Figure 31: RTD alcoholic beverage format – Package, by gender, September 2016
A quarter of Millennial drinkers use pouch formats
Figure 32: RTD alcoholic beverage format – Package, by generation, September 2016
Size
Consumers are adopting a wider range of format sizes
Figure 33: RTD alcoholic beverage format – Size, September 2015 and 2016
Men are the strongest targets for individually portioned shots
Figure 34: RTD alcoholic beverage format – Gender, September 2015 and 2016
Small sizes and variety appeal to Millennials
Figure 35: RTD alcoholic beverage format – Generation, September 2015 and 2016
Storage
Frozen usage stalls
Figure 36: RTD alcoholic beverage format – Storage, September 2015 and 2016
Frozen formats have the potential to resonate with younger consumers
Figure 37: RTD alcoholic beverage format – Storage, by generation, September 2015 and 2016
Light/low-calorie
Use of light/low-calorie versions increase
Figure 38: RTD alcoholic beverage format – Light/low-calorie, September 2015 and 2016
Nearly one quarter of men drink light/low-calorie versions
Figure 39: RTD alcoholic beverage format – Light/low-calorie, by gender, September 2015 and 2016
Light versions may also appeal to Millennials
Figure 40: RTD alcoholic beverage format – Light/low-calorie, by generation, September 2015 and 2016
Flavors
Tropical drink options lead consumption
Figure 41: Alcoholic cooler flavors consumed, 2012-16

PURCHASE LOCATION
Supermarkets lead as RTD alcoholic beverage purchase location
Figure 42: RTD alcoholic purchase location, September 2016
Men are a stronger audience for online, on-premise sales
Figure 43: RTD alcoholic purchase location, by gender, September 2016
Millennials are open to a range of purchase channels
Figure 44: RTD alcoholic purchase location, by gender, September 2016

PERCEPTION OF RTD ALCOHOLIC BEVERAGES
Strongest association with pre-mixed spirts-based cocktails is positive
Figure 45: Prepared spirits-based cocktail terms, October 2016
FMBs are strongly associated with convenience
Figure 46: Flavored malt beverages terms, October 2016
Wine cooler perception mixed, associated with low alcohol/young drinkers
Figure 47: Wine cooler terms, October 2016

REASONS FOR CONSUMPTION
Ease of use leads reason for consumption of RTD alcoholic beverages
Figure 48: Reasons for consumption of RTD alcoholic beverages, September 2016
Ease of use is an especially strong driver for women
Figure 49: Reasons for consumption of RTD alcoholic beverages, by gender, September 2016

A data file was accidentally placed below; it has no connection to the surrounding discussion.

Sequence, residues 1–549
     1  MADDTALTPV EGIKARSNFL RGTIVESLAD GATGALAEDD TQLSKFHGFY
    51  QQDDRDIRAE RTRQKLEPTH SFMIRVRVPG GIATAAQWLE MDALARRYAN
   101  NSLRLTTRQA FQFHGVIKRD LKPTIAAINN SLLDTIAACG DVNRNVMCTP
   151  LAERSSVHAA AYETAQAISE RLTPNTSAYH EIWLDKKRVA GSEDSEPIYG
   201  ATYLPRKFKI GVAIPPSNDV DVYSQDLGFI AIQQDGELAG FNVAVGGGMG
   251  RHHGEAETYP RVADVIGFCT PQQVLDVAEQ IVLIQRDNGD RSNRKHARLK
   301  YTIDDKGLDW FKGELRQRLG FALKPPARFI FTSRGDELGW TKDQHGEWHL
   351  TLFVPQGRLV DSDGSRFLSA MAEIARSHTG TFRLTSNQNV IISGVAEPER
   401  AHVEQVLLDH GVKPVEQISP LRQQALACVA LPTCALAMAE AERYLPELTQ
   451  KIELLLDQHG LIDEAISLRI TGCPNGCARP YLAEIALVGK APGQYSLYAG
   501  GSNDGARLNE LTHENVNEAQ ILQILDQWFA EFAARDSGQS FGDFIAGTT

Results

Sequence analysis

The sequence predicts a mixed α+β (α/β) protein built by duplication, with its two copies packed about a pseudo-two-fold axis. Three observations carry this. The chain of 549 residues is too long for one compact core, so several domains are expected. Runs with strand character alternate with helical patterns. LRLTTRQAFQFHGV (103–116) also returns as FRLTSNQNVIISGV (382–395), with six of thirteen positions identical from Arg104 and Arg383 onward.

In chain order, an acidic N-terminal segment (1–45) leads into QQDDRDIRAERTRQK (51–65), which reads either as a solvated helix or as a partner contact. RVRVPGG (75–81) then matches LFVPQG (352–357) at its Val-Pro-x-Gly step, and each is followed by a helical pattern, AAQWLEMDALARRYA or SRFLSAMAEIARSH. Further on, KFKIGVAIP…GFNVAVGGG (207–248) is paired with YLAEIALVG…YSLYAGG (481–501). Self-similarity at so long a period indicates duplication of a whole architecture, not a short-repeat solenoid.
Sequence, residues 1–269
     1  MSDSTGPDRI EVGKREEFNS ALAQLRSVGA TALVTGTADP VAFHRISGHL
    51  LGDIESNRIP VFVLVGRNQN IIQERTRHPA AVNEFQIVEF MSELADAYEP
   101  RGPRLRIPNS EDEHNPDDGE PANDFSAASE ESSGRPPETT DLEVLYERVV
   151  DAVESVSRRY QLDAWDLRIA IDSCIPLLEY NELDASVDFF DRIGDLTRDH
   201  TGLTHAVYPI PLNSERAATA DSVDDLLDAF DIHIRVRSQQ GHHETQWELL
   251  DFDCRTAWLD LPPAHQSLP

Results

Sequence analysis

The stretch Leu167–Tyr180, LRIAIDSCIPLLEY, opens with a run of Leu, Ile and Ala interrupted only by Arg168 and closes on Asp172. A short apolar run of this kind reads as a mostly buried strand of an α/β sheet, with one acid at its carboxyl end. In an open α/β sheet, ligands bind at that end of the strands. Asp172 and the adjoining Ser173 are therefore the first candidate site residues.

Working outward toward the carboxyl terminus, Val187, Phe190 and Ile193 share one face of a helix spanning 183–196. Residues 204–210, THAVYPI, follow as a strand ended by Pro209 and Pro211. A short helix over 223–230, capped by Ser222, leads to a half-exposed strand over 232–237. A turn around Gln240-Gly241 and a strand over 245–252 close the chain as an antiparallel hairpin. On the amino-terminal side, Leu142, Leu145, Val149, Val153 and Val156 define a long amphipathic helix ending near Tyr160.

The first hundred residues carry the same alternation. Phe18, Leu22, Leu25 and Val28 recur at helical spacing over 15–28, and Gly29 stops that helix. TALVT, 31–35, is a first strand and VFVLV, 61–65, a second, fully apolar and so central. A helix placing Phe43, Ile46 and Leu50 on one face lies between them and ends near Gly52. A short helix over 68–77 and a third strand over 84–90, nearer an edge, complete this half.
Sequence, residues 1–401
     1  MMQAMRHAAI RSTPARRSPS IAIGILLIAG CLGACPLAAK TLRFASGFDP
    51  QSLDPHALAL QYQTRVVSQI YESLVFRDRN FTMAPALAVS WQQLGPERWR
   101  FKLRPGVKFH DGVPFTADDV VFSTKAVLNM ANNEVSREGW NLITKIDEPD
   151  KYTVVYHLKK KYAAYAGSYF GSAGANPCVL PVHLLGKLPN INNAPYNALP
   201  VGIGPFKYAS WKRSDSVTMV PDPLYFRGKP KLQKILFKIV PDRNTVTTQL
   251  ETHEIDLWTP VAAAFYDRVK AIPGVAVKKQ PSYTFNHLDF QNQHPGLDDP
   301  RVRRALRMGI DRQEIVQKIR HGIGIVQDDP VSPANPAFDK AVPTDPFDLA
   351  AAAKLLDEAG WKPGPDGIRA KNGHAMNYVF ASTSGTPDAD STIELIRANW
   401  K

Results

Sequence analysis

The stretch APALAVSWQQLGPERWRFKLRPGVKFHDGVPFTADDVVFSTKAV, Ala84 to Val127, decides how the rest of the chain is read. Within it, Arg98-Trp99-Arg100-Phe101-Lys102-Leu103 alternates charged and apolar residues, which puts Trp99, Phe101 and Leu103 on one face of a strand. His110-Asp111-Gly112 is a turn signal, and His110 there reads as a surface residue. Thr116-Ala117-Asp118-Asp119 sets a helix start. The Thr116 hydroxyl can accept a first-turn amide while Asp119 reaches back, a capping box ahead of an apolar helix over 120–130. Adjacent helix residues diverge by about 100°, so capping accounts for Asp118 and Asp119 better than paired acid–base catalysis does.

Promotion of convenience may help drinks appeal to older consumers
Figure 50: Reasons for consumption of RTD alcoholic beverages, by generation, September 2016

BARRIERS TO CONSUMPTION
Category limited by lack of customization, sugar content
Figure 51: Consumption barriers, September 2016
Health is the strongest barrier for women, men are aware of perception
Figure 52: Consumption barriers, by gender, September 2016
Barriers vary across generations
Figure 53: Consumption barriers, by generation, September 2016

IDEAL RTD ALCOHOLIC BEVERAGES
Standard liquor-based drinks find appeal among younger drinkers
Pushing flavor boundaries can attract savvy explorers

BEVERAGE CLASSIFICATION
Consumers don’t have a strong ability to discern between RTD alcoholic beverage types
Figure 54: Correspondence analysis – Beverage classification, September 2016
Figure 55: Beverage classification, September 2016

APPENDIX – DATA SOURCES AND ABBREVIATIONS
Data sources
Sales data
Consumer survey data
Consumer qualitative research
CHAID methodology
Correspondence analysis methodology
Abbreviations and terms
Abbreviations

APPENDIX – MARKET
Figure 56: US volume sales of flavored malt beverages, 2011-21
Figure 57: US volume sales of spirits-based prepared cocktails, 2011-21
Figure 58: US volume sales of wine coolers, 2011-21
Figure 59: US volume consumption of beer, by category, 2014-15
Figure 60: US volume consumption of distilled spirits by category, 2014-15
Figure 61: US volume consumption of wine by category, 2014-15

APPENDIX – KEY PLAYERS
Figure 62: FMB launches, by leading claims, 2012-16*
Figure 63: Prepared spirits-based cocktail launches, by leading claims, 2012-16*
Figure 64: Wine cooler launches, by leading claims, 2012-16*
Figure 65: FMB launches, by leading flavors, 2012-16*
Figure 66: Prepared spirits-based cocktail launches, by leading flavors, 2012-16*
Figure 67: Wine cooler launches, by leading flavors, 2012-16*
Figure 68: FMB launches, by pack type, 2012-16*
Figure 69: Prepared spirits-based cocktail launches, by pack type, 2012-16*
Figure 70: Wine cooler launches, by pack type, 2012-16*
Figure 71: FMB launches, by packaging material, 2012-16*
Figure 72: Prepared spirits-based cocktail launches, by packaging material, 2012-16*
Figure 73: Wine cooler launches, by packaging material, 2012-16*
Figure 74: FMB launches, by launch type, 2012-16*
Figure 75: Prepared spirits-based cocktail launches, by launch type, 2012-16*
Figure 76: Wine cooler launches, by launch type, 2012-16*
Figure 77: Leading cocktail mentions on menu, Q3 2016

APPENDIX – CONSUMER
Figure 78: Mean # flavored alcoholic beverages consumed, 2012-16
Figure 79: Alcoholic cooler flavors consumed, 2012-16